While working on a photojournalism project on aging in prison, I met Rosemary and her daughter, Jacinta. They had a deep and complex love between them and I was curious as to how Jacinta had followed in her mother’s footsteps. Once Jacinta was released, she allowed me to follow her on the outside. From there, our lives became closely intertwined, as months turned into years and the project evolved into a feature-length film.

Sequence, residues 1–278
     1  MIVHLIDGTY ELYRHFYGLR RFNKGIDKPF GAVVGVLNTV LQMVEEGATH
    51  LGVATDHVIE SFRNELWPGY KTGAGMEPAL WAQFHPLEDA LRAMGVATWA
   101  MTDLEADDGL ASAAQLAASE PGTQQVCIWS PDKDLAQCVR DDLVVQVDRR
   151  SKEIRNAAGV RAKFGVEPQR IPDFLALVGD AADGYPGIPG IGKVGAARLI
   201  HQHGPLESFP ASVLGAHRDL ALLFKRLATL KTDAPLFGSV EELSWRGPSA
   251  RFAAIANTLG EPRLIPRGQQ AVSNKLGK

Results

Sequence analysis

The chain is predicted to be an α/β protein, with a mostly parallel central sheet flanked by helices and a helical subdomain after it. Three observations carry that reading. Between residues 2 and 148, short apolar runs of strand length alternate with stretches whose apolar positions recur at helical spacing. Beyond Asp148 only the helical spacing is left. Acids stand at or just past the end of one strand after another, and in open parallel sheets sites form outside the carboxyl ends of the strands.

Jacinta and I come from different worlds. I grew up middle class on the west coast of Canada and had a stable childhood in comparison. Yet our lives have affinities that resonated with me. My mother was abandoned as a child by her mother, and this impacted how she raised her children. My mother struggled to set healthy boundaries with myself and my siblings, and when I was younger, I felt a huge amount of responsibility for her, as if our roles were reversed. I saw the same feeling of responsibility in Jacinta towards her own mother and then again later when I filmed Jacinta’s young daughter, Caylynn. Although I could relate to this mother/daughter dynamic, I also recognized that I was an outsider documenting a world that was not my own. To better understand Jacinta and her family, I did hundreds of hours of research, and recorded interviews with dozens of people in her life and community, few of which appear in the final film.